LIGO Document P1400091-v1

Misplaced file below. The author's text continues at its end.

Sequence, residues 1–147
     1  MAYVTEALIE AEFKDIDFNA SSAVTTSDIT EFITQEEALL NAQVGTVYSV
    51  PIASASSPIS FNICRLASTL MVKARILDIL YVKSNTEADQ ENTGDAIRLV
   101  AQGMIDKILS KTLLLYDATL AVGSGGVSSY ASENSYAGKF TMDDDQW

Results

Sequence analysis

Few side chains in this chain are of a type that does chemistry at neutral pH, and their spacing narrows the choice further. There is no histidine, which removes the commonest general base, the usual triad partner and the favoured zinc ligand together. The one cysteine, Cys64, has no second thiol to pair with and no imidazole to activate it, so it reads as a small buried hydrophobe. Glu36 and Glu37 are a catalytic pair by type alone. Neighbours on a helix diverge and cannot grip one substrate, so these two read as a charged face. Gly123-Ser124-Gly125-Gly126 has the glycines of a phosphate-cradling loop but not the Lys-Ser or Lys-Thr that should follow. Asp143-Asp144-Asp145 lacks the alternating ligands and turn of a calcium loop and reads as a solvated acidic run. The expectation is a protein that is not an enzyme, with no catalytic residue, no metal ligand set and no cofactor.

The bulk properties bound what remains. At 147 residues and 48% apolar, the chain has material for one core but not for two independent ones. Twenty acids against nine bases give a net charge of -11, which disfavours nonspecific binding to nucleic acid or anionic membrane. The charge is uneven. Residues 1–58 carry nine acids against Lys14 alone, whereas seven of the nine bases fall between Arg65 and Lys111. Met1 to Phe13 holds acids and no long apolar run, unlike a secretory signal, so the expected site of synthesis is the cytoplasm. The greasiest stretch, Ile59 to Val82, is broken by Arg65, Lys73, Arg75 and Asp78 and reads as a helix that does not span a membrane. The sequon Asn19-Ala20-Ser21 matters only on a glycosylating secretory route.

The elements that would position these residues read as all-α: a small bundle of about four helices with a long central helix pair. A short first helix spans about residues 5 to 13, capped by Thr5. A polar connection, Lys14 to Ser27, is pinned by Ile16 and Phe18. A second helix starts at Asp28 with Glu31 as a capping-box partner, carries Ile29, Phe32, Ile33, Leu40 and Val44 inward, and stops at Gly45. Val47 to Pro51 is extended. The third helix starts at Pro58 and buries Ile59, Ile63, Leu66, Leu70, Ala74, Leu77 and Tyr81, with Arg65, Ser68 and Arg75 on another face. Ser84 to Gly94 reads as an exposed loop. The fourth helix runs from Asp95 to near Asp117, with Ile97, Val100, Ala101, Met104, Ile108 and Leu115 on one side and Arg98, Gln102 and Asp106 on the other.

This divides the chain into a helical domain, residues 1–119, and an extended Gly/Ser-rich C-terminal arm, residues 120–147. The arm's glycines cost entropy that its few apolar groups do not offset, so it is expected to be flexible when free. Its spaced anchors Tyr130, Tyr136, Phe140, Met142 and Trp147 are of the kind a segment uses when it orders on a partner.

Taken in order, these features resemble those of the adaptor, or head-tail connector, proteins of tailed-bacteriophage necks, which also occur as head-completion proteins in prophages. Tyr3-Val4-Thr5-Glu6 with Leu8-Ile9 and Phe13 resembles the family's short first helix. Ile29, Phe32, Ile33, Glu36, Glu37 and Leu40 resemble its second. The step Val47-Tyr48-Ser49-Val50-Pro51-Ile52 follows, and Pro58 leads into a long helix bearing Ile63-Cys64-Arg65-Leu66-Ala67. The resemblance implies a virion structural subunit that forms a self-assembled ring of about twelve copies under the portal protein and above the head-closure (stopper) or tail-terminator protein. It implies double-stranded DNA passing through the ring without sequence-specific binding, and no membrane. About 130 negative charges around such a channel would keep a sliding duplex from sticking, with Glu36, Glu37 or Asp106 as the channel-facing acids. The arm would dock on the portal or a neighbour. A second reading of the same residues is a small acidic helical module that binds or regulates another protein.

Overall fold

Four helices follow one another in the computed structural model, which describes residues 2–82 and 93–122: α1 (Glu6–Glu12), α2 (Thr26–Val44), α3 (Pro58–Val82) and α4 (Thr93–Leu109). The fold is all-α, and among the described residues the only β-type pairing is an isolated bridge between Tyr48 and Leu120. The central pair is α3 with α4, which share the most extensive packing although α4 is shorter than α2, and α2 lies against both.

- The LIGO and Virgo gravitational-wave observatories are complex and extremely sensitive strain detectors that can be used to search for a wide variety of gravitational waves from astrophysical and cosmological sources. In this thesis, I motivate the search for the gravitational wave signals from coalescing black hole binary systems with total mass between 25 and 100 solar masses. The mechanisms for formation of such systems are not well-understood, and we do not have many observational constraints on the parameters that guide the formation scenarios. Detection of gravitational waves from such systems — or, in the absence of detection, the tightening of upper limits on the rate of such coalescences — will provide valuable information that can inform the astrophysics of the formation of these systems. I review the search for these systems and place upper limits on the rate of black hole binary coalescences with total mass between 25 and 100 solar masses. I then show how the sensitivity of this search can be improved by up to 40% by the the application of the multivariate statistical classifier known as a random forest of bagged decision trees to more effectively discriminate between signal and non-Gaussian instrumental noise. I also discuss the use of this classifier in the search for the ringdown signal from the merger of two black holes with total mass between 50 and 450 solar masses and present upper limits. I also apply multivariate statistical classifiers to the problem of quantifying the non-Gaussianity of LIGO data. Despite these improvements, no gravitational-wave signals have been detected in LIGO data so far. However, the use of multivariate statistical classification can significantly improve the sensitivity of the Advanced LIGO detectors to such signals.
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